Friday, June 17, 2016


The Gospel reading for the Church of England this Sunday concerns the expulsion of unclean spirits from a man possessed. This past week has highlighted the way we are so easily dominated by the ‘unclean spirits’ - of anger, hatred and violence.  From the killings of LGBT people in Orlando to that of Jo Cox in Birstall and the disgusting pictures of English football fans taunting refugee children in Lille, it suddenly becomes apparent that we are at the mercy of ‘unclean spirits’.  Britain has its own Donald Trump's who have unleashed so many demons.

I do not have the privilege of preaching this Sunday but I hope those who do will not shirk from naming the evil that has erupted in our midst. And to name the fact that there are those who fan the flames, even though they may deny it. The massacre of scores of LGBT people because of one man’s hatred, a hatred supported by religious faith (and both Muslims and Christians are guilty of not addressing the subject); the murder of a wonderful young politician, possibly out of hatred of foreigners fermented by right-wing politics, and pictures of hundreds of football fans chanting “f..k off Europe, we’re all voting out” between violent clashes with police and shown across the globe – all show, with terrible consequences, the power of bigotry and hatred. The blatant scapegoating of foreigners in a UKIP poster Nigel Farage unveiled showing a stream of Iraqi refugees in Slovakia under the heading: “Breaking point: the EU has failed us all.”  It’s as if we have forgotten the arguments of the Synod of Whitby and are still trapped by the desire of a king to rid himself of his wife, Catherine of Aragon (let the reader understand).

I hope none of those who preach will fail to name the evil that has got into our society.  But I know that those who need to think about the consequences of allowing bigotry and hatred to enter our souls will not be in the pews on Sunday for it is clear that there are many who do not ‘want to be told what to do’.  Who are not interested in the views of ‘experts’, whether economic, social, international – or spiritual.  Who do not want to be challenged.  Who do not want to have their hearts converted to the gospel of God’s compassionate love.  Who will not be interested in recalling that, in the words of Archbishop Justin‘At the heart of Britain’s Christian heritage are certain glorious principles. They are what make the best of our nation, whether we are Christians, of another faith or of no faith. They come from Jesus’s teaching, especially in the Sermon on the Mount and the Beatitudes. Among those principles is a vision of peace and reconciliation, of being builders of bridges, not barriers. … Sacrifice, generosity, vision beyond self-interest, suffering for others, helping the helpless, these are some of the deeply Christian principles that have shaped us.’  Who will reject the Holy Father’s reminder that we must take care not “to yield to our own selfish interests and to consider putting up fences here and there. …  The founding fathers (of Europe) were heralds of peace and prophets of the future. Today more than ever, their vision inspires us to build bridges and tear down walls.”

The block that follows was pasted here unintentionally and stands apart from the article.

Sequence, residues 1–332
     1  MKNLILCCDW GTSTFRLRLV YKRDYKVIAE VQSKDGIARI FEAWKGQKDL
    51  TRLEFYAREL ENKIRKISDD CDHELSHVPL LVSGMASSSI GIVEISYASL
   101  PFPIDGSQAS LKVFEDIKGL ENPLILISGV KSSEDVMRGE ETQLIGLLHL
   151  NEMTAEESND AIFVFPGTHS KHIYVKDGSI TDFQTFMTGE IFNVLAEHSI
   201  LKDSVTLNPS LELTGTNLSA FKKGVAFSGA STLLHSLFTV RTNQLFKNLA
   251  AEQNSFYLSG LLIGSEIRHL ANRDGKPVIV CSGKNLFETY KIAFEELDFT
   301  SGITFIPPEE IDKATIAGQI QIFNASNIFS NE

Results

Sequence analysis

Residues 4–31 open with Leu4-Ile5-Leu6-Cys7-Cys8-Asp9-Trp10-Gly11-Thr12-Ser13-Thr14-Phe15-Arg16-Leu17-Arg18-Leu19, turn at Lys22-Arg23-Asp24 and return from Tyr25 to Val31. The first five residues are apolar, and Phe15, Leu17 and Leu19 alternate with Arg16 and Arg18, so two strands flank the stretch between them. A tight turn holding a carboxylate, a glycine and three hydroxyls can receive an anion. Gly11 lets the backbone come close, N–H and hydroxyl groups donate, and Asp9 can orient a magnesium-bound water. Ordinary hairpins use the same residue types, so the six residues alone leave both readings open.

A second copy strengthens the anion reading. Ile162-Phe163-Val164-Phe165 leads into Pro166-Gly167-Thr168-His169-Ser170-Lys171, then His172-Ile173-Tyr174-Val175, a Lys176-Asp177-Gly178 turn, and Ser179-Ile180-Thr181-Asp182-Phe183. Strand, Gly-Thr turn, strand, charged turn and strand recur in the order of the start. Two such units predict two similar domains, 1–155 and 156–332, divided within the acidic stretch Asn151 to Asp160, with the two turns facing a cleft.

Polly Toynbee, in an article for ‘The Guardian’, named the way this evil has entered mainstream debates concerning the EU Referendum by observing that: ‘This campaign has stirred up anti-migrant sentiment that used to be confined to outbursts from the far fringes of British politics. The justice minister, Michael Gove, and the leader of the house, Chris Grayling – together with former London mayor Boris Johnson – have allied themselves to divisive anti-foreigner sentiment ramped up to a level unprecedented in our lifetime.’ 

A climate of hatred has been allowed to develop unchecked and social media is showing just how ugly it is.  So many of those who seek to influence public opinion are unelected and unaccountable owners and editors of newspapers who do not have to offer a balanced perspective but who are free to pander to humanity's baser instincts.  As Archbishop Justin went on to say: 'Jesus taught us to love our neighbour, and when questioned about what that meant gave the extraordinary story of the Good Samaritan. In that story the one who turns out to be a neighbour is the one who shows respect, mercy and love to the stranger, even to an enemy.'

So I hope that those who preach on Sunday will speak out against the evil that has entered us, as it entered the man from the country of the Gerasenes.  And remind us that, as St. Ignatius Loyola discovered, the way to make choices is to hold them before God and, if we don’t know immediately what we should do, to ask ourselves this simple question – which decision will lead to an greater increase in faith and hope and love?  

Teach us, good Lord,
to serve you as you deserve;
to give and not to count the cost;
to fight and not to heed the wounds;
to toil and not to seek for rest;
to labour and not to ask for any reward,
save that of knowing that we do your will.
(St. Ignatius Loyola: 1491 – 1556)

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